370 Mr A. W. Fadden, Acting Prime Minister, to Mr R. G. Menzies, Prime Minister (in London)
Cablegram 176 27 March 1941,
Despatches received today from General Blamey  regarding Lustre Force  include copy of letter addressed to you dated 5th March.
 It is assumed that aspects regarding command of Force outlined therein were discussed by you with the United Kingdom authorities.
Am particularly concerned with Blamey's statement that Dominion Commanders excluded from all responsibility for control planning and policy. We are also naturally concerned with the statement regarding piecemeal despatch to Europe.
In subsequent despatch  Blamey states that he was informed that in regard to reinforcements one further armoured division might be looked for at an unknown date but beyond that there were no plans for reinforcing formations owing to the fact that shipping could not be made available. In these circumstances it is desired to again refer to paragraph 1 of my cablegram 82 of the 26th February  and the reply furnished by you thereto in your 165 of the 1st March. 
In the light of Blamey's despatch, the information in regard to reinforcements contained in your 165 of 1st March is rather indefinite and it is presumed that by this time the United Kingdom authorities may be in a position to give more definite information as to plans for augmentation of Lustre Force, advice of which would be appreciated. In this connection it is understood from Blamey that in December last the Commander-in-Chief  advised that it was the intention to send fourteen divisions to the Middle East which were expected to arrive there at the rate of one division per month from February onwards. It is suggested that you might investigate this and advise us of the reason for any changed plans.
Blamey feels that sufficient weight has not been given to the fact that whatever we do it is unlikely we can prevent German air superiority in regions favourably situated for the enemy in view of the relative distances. This aspect is dealt with rather fully in Dominions Office cablegram No. 165 of 14th March  but nevertheless General Blamey's views will be of interest to you.
In your M.13 of the 8th March  you informed us that Blamey had expressed his agreement to the proposal but in his despatch of the 12th March , Blamey states that his views were not asked for by the Chief of the Imperial General Staff  or the Commander- in-Chief, and he felt that he was receiving instructions. In consequence, his cablegram of the 10th March  was sent to the Minister for the Army  in Australia and yourself in London.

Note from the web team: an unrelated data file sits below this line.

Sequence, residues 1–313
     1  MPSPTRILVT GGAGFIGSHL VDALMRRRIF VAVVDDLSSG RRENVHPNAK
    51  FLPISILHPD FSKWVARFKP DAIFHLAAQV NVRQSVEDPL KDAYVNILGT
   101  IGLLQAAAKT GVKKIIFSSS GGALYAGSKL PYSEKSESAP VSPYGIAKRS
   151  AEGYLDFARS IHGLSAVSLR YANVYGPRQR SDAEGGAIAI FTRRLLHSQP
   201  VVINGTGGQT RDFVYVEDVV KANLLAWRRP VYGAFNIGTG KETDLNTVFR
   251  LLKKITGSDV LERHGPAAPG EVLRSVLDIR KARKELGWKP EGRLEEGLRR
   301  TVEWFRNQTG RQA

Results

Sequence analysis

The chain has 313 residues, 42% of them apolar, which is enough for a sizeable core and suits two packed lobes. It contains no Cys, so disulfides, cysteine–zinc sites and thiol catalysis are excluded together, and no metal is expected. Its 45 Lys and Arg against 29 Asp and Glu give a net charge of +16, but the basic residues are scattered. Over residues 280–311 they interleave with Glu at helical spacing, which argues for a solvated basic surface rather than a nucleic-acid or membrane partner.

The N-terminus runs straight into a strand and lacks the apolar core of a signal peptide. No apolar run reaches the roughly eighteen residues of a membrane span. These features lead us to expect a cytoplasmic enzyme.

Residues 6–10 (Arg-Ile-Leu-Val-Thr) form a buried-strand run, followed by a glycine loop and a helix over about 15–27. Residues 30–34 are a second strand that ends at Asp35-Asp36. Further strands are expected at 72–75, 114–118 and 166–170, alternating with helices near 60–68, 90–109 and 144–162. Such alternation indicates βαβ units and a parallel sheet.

Blamey advises that although the Commander-in-Chief and the Chief of the Imperial General Staff then held very firmly that the operation should be put in hand, he regrets that he still felt very strongly that without a definite plan for building up the forces adequately within the next few months, the operation was most hazardous.
My colleagues and I feel resentment that while some discussion appears to have taken place with the High Command, Blamey's views as General-Officer-Commanding of the force which apparently is to take the major part in the operations should not have been sought and that he was not asked to express any opinion. This not only deeply affects the question of Empire relationship but also places us in embarrassing situation with the Advisory War Council and with Parliament, particularly as I have there stressed the fact as stated in your cable that General Blamey had agreed to the operation.
It will be clear from [my] cablegram No. 173 of even date  that we have no wish to retract from the step which we have taken in agreeing to our troops taking part in these operations, but the latter cablegram read in conjunction with this message will indicate to you the local considerations involved.
In view of terms of Blamey's appointment agreed upon by United Kingdom Government which provides he shall have direct responsibility with Commonwealth Government with right to communicate direct to us, he has been asked to furnish complete appreciation of Lustre position generally and as affecting Australian troops particularly. Understand Blamey arrived Athens 20th March.
Advice of your reactions to this cable would be appreciated together with information as to the extent of the enemy forces that are likely to be utilised in view of present position in Balkans.